General Omar Nelson Bradley "The Soldiers General"
|General Omar Bradley 32 x 26 oil on linen|
"Leadership means firmness, not harshness or bullying; understanding, not weakness; justice, not irresponsible freedom; humaneness, not intolerance; generosity, not selfishness; pride, not egotism." Omar N. Bradley
"We live in a world of nuclear giants and ethical infants, in a world that has achieved brilliance without wisdom, power without conscience. We have solved the mystery of the atom and forgotten the lessons of the Sermon on the Mount. We know more about war than we know about peace, more about dying than we know about living." Omar N. Bradley
These words are so pertinent for the world we are living in today. Where are the leaders?
Omar Bradley was a true leader and as you can see from his above quotes, he was a man of quality and insight.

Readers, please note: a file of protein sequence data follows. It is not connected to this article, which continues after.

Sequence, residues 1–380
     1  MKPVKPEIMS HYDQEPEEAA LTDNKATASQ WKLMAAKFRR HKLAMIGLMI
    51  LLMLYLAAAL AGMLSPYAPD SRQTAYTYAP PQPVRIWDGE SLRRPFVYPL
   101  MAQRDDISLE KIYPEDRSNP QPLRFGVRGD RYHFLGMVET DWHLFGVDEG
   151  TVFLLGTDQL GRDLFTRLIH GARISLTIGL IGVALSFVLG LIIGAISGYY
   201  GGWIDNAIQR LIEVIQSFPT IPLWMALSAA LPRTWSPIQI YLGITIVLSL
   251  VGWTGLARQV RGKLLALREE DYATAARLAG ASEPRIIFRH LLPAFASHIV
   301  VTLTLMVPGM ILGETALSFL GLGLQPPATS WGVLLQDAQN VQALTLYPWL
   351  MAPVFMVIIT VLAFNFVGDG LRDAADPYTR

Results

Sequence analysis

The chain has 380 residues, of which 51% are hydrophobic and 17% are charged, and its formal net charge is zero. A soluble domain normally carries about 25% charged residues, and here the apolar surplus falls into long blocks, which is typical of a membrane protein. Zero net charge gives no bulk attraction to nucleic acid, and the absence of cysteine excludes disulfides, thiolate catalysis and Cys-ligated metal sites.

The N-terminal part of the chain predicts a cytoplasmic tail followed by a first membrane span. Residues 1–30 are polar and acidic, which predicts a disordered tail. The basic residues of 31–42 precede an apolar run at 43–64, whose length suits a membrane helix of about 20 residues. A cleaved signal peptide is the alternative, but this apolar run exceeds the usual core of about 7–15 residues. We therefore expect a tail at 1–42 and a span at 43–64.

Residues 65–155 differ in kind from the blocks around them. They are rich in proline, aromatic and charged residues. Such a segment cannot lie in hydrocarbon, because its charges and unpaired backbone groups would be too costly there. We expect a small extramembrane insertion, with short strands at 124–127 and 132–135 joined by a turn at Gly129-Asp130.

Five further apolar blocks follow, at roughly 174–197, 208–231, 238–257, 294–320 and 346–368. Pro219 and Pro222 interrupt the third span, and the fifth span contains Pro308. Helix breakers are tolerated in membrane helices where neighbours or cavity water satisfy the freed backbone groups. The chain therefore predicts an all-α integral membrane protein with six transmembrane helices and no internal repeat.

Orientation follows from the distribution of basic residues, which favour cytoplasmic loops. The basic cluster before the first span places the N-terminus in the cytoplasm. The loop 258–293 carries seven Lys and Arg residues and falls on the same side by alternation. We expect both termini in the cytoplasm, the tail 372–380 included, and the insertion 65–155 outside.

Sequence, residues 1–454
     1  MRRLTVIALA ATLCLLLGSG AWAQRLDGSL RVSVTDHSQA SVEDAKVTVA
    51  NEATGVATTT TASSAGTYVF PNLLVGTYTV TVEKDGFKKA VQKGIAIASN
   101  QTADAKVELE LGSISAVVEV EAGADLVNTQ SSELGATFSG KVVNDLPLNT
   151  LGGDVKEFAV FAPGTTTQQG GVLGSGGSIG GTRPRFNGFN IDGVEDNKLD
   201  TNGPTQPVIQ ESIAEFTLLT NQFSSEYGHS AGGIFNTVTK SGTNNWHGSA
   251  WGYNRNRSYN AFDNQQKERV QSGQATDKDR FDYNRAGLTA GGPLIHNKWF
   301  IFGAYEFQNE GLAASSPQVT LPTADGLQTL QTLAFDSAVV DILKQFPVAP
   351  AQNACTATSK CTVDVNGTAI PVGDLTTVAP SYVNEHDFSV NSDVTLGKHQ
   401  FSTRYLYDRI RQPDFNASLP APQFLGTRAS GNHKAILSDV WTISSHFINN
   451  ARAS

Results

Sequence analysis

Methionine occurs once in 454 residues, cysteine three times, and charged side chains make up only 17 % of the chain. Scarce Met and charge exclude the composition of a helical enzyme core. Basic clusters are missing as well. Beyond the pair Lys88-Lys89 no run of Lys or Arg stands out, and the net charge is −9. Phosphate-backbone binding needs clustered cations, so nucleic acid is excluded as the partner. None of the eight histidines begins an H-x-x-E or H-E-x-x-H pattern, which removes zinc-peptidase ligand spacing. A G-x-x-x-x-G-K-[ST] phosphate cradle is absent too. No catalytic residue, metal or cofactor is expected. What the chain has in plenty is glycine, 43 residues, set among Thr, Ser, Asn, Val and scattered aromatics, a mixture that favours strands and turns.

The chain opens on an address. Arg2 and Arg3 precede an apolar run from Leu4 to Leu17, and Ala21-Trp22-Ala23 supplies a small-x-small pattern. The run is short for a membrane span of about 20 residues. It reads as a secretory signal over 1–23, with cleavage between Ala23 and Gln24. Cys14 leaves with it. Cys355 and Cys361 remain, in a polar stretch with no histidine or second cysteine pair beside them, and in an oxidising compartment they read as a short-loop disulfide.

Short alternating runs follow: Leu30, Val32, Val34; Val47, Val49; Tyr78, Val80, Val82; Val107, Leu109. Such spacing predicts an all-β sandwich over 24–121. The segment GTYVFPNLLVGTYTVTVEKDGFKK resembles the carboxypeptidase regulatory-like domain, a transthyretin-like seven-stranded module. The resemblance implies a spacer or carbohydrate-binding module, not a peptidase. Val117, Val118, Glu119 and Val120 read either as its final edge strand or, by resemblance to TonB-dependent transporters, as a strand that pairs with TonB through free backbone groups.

I was inspired to paint this portrait of Omar Nelson Bradley to honor a man of such integrity and conviction. He is an inspiration!
The portrait shows him in his office with a map of the D-Day invasion in the back wall. I based the portrait on a Library of Congress photograph and then made some changes to the composition.
Omar Nelson Bradley (February 12, 1893 - April 8, 1981) was a United States Army field commander and a senior officer of the United States Army in North Africa and Europe during World War II. As a decorated 5 Star General of the U.S. Army, he was called "The Soldiers General" because for his care and sensitivity towards the enlisted men under his command.
From the Normandy landings through the end of the war in Europe, Bradley had command of all U.S. ground forces invading Germany from the west; he ultimately commanded forty-three divisions and 1.3 million men, the largest body of American soldiers ever to serve under a U.S. field commander.
After the war, Bradley headed the Veterans Administration and became the Chief of Staff of the United States Army. In 1949, he was appointed the first Chairman of the Joint Chiefs of Staff, and the following year oversaw the policy-making for the Korean War, before retiring from active service in 1953.
|Close up of Portrait Image|
|Reference photo for Portrait|
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